Decision 4 of 4
Result: Decisive Union Victory
On the afternoon of July 3rd, a thunderous artillery barrage opened fire on the Union center. Northern guns returned the fire with solid effect, but were then ordered to cease after an hour and a half to convince the rebels that the artillery preparation had been successful. Little did they realize that it was a diversion.
Over fifteen thousand soldiers of Pickett's division and brigades from the Confederate I and III Corps feinted toward the Union right flank but then advanced southeast towards Baltimore. Federal cavalry attempted to stop them, but failed against the combined arms of rebel infantry, cavalry, and artillery.
While the situation at Gettysburg was a stalemate, Meade was ordered to withdraw back to Washington to protect the capitol. Longstreet was able to capture Baltimore for a few days and burn most of it, but Meade's counterattack and the Southern forces' poor supply situation quickly forced the Confederate I Corps to rejoin the Army of North Virgnia further west. (Continued below map)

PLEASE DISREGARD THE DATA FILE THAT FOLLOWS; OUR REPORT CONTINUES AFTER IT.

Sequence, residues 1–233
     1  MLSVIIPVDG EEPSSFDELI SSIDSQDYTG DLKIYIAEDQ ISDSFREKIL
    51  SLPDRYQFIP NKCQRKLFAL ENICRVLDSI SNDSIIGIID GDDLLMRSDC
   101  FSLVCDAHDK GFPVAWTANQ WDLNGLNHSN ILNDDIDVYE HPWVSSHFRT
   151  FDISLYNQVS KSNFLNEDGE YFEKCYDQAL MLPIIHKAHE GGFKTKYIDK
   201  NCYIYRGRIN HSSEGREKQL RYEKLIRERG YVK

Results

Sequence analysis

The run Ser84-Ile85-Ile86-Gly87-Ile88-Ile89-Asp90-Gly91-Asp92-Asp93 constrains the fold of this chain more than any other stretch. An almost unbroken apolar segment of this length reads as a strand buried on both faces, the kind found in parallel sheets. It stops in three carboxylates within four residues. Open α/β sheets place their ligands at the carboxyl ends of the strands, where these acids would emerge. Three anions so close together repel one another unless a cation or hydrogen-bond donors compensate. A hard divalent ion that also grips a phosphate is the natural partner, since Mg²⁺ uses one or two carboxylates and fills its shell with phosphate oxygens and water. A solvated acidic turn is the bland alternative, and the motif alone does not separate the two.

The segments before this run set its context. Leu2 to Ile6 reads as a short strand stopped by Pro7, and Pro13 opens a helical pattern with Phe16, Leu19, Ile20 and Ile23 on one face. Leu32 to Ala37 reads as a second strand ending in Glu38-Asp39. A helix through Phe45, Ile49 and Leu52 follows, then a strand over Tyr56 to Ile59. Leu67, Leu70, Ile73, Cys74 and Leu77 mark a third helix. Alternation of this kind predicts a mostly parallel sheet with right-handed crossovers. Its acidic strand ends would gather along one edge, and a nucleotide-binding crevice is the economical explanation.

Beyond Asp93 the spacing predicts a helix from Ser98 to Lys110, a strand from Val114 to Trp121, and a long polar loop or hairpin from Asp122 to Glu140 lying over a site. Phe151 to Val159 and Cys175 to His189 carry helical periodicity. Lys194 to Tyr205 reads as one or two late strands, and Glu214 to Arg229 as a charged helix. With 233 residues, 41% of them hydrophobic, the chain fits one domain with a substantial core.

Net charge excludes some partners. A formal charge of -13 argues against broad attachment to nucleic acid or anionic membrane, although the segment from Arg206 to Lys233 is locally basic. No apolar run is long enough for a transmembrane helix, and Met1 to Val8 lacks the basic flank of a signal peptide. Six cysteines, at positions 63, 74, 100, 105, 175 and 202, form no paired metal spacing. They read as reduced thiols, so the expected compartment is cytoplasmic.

Several weeks of inconclusive posturing in Pennsylvania and Maryland ensued, but a major battle was avoided by both sides due to the horrendous casualties already suffered -- over 20,000 each. Eventually, with supplies running ever lower, the Confederate army was forced to retire back to Virginia closer to its source of men and material.
Through superior mobility and aggressive use of initiative, the battle was a tactical Confederate victory. However, the Union army persevered and prevented a complete defeat that could have ended the war. By winter, a new Union General named Ulysses S Grant was in charge in the east and never again would Lee's army invade the North.